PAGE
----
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So, I'm having a problem with my inherited classes writing items to a file. I'll post a sample of the code because there are multiple instances of it and it won't write these certain items to a file. I'm not sure what I'm doing wrong, it's writing everything in the parent class just fine to a file, but those things from a child class won't write. This part has already been done in each child class:

//Parameterized constructor signature
Hourly::Hourly(int e, string n, string a, string p, double w, double h) :MyEmployee(e, n, a, p)

Here's the driver without the headers.

string fileInput;
    string employCategory = "";
    const string HOURLY = "Hourly";
    const string SALARIED = "Salaried";
    int answer;
    int count = 0;
    const int ONE = 1;
    const int TWO = 2;
    const int ARRAY_SIZE = 4;
    MyEmployee* payroll[ARRAY_SIZE];
    ifstream myOpenFile;
    ofstream myWrittenFile;
    payroll[0] = new Hourly(1, "H. Potter", "Privet Drive", "201-9090", 40, 12.00);
    payroll[1] = new Hourly(3, "R. Weasley", "The Burrow", "892-2000", 40, 10.00);
    payroll[2] = new Salaried(2, "A. Dumbledore", "Hogwarts", "803-1230", 1200);
    payroll[3] = new Salaried(4, "R. Hagrid", "Hogwarts", "910-8765", 1000);
    cout << "This program has two options:\n1 - Create a data file\n2 - Read data from a file and print paychecks.";
    //This loop will test if the user's input is valid.
    do
    {
        //Here, the user will enter a value to be used to either print checks or write a file.
        cout << "\nPlease enter <1> to create a file or <2> to print checks: ";
        cin >> answer;
        //The user entered one, so we'll write a file.
        if (answer == ONE)
        {
            cin.sync();
            cin.clear();
            cout << "\nPlease enter in the name of the file you wish to write to. Please don't forget to add .txt to the end: ";
            getline(cin, fileInput);
            myWrittenFile.open(fileInput);
            for (int i = 0; i < ARRAY_SIZE; i++)
            {
                MyEmployee* empPtr = payroll[i];
                if (typeid(*empPtr) == typeid(Hourly))
                {
                    Hourly* empHPtr = static_cast<Hourly*>(empPtr);
                }
                else if (typeid(*empPtr) == typeid(Salaried))
                {
                    Salaried* empSPtr = static_cast<Salaried*>(empPtr);
                }
            }
            for (int i = 0; i < ARRAY_SIZE; i++)
            {
                payroll[i]->writeData(myWrittenFile);
            }
            myWrittenFile.close();
            cout << "\nData saved .....";
            for (int i = 0; i < ARRAY_SIZE; i++)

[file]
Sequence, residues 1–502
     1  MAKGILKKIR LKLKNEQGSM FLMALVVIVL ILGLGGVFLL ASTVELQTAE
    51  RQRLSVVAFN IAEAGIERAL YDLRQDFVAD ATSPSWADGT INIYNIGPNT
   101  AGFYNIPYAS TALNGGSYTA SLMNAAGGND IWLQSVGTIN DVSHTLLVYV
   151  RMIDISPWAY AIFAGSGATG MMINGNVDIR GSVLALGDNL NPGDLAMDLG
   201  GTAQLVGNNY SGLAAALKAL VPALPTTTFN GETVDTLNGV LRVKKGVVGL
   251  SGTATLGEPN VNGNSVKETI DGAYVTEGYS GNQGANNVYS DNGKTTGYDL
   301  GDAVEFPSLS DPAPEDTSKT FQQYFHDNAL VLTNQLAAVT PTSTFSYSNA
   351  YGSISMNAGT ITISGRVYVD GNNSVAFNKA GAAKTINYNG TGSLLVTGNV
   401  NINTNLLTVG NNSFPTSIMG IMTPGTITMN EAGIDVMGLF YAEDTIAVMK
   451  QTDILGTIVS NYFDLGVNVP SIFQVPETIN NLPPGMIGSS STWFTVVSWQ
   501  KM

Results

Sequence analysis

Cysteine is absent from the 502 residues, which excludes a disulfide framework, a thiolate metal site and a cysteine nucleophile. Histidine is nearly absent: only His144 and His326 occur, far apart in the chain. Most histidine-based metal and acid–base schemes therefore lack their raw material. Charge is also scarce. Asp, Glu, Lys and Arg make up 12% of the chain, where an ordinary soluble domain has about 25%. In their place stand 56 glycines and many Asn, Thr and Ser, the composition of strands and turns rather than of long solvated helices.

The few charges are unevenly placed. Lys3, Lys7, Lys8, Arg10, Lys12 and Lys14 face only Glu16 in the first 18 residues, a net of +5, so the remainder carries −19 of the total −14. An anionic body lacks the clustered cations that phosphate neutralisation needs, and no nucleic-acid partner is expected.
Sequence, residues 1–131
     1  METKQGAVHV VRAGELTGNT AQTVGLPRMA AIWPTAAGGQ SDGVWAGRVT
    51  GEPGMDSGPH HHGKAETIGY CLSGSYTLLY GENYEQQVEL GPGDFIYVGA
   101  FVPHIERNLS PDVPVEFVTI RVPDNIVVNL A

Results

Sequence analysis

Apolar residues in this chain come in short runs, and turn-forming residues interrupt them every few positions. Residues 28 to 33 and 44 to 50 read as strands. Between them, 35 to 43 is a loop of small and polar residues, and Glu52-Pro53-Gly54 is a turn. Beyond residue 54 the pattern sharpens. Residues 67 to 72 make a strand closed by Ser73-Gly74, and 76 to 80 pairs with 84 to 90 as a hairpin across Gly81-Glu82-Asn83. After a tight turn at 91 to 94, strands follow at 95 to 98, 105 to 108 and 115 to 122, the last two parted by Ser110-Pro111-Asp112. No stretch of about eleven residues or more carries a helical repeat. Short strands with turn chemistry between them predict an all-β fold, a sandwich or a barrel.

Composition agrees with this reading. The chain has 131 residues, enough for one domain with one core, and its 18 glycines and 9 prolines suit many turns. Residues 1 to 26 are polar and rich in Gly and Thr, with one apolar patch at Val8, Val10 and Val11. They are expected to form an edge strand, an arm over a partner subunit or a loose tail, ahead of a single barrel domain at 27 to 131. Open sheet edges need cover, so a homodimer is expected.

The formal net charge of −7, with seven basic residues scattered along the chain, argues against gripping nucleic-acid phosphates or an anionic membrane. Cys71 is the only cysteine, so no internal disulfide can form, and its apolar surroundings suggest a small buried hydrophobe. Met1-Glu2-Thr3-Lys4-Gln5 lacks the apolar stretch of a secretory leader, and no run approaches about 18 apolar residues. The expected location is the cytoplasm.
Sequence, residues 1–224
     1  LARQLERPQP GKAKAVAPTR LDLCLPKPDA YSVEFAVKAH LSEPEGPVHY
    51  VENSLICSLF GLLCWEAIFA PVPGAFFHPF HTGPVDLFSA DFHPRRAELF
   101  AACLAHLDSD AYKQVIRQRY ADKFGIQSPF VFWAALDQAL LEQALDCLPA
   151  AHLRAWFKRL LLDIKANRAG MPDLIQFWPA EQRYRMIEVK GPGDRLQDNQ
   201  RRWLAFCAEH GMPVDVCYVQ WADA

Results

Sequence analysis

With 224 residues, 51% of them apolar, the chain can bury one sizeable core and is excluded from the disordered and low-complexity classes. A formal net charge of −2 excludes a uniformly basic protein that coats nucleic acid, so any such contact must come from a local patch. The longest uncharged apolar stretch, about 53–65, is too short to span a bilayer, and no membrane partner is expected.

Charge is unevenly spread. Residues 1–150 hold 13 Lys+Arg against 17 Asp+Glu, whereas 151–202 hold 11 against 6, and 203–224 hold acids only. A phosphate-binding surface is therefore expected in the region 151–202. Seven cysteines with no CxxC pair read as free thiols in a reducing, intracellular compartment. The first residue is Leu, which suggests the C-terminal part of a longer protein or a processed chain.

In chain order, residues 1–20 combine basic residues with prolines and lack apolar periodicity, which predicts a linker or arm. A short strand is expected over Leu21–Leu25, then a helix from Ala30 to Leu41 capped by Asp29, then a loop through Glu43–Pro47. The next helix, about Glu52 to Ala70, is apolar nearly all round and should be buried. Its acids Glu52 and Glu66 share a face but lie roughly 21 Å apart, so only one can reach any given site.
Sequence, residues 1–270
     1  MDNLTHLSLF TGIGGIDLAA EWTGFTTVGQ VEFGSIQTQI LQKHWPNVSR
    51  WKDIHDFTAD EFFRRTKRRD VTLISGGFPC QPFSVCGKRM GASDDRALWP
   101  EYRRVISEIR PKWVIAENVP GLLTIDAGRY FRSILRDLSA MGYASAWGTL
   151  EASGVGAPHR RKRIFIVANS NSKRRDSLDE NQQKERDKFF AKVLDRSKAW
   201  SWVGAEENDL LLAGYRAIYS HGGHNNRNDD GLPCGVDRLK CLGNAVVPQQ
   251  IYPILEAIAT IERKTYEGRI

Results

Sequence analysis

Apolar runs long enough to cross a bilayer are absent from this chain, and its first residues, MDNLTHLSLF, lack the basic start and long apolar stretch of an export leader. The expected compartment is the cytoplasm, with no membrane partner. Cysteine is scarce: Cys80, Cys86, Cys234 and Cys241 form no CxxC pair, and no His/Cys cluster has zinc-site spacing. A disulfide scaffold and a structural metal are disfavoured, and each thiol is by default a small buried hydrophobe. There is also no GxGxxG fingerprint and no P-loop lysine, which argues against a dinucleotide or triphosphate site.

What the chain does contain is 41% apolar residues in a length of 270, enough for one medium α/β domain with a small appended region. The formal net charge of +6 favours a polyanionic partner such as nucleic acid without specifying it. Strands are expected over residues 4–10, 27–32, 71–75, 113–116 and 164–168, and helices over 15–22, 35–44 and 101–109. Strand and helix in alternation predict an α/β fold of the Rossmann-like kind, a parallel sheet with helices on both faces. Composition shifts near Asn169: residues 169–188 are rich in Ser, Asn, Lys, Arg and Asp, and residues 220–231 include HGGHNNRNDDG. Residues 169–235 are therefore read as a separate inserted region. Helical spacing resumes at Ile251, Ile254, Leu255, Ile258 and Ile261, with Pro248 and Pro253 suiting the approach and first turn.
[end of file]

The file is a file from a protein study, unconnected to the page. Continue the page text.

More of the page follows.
{
                delete payroll[i];
                payroll[i] = NULL;
            }


}

Here's a part from the parent class which includes writing to a file:

void MyEmployee::writeData(ofstream& out)
{
    out << empNum << "\n";
    out << name << "\n";
    out << address << "\n";
    out << phoneNum << "\n";
}

Here's a part of the child class:

void Hourly::writeData(ofstream& out)
{
    out << hoursWorked << "\n";
    out << wage << "\n";
    MyEmployee::writeData(out);
}
share|improve this question

closed as unclear what you're asking by Thomas Matthews, Andrew Medico, M42, Sahil Mahajan Mj, sjngm Apr 15 at 11:54

Please clarify your specific problem or add additional details to highlight exactly what you need. As it's currently written, it’s hard to tell exactly what you're asking. See the How to Ask page for help clarifying this question.If this question can be reworded to fit the rules in the help center, please edit the question.

2  
Without knowing exactly about your class declarations it's a bit hard to tell, but did you declare the writeData(ofstream& out) member functions using virtual properly? –  πάντα ῥεῖ Apr 14 at 18:45
    
Why are you using dynamic memory for payroll? This is not Java or C#. Only use dynamic memory when you can justify it. –  Thomas Matthews Apr 14 at 19:32
    
@ThomasMatthews The justification is to utilize polymorphism (which must be done by reference or pointer) and avoid object slicing, since storing just MyEmployee would unwittingly clip extended class content during assignment. While I concur the OP would be better off using std::unique_ptr< MyEmployee> for the memory elements, dynamic management of some form is, none the less, required for what is being tried. –  WhozCraig Apr 14 at 19:47

1 Answer 1

up vote 0 down vote accepted

Seems, it is because your writeData() function is not declared as virtual.

When a function is declared as virtual and was overriden in the derived classes, it will be computed in the runtime what the function must be exactly called. (Virtual method tables).

Your function is not declared as virtual, so calling it from the MyEmployee pointer, you call the writeData() function which was defined in MyEmployee class, not in its derived classes. This is why it doesn't write to the file any data from the derived class.

PS:

typeid(*empPtr) == typeid(Hourly)
typeid(*empPtr) == typeid(Salaried)

These expressions will be always false.

share|improve this answer
    
No way...this is the way the teacher told us. What would work best? –  nelson2013 Apr 15 at 0:51
    
@nelson2013 is your question about virtual functions, or typeid? –  alphashooter Apr 15 at 8:09

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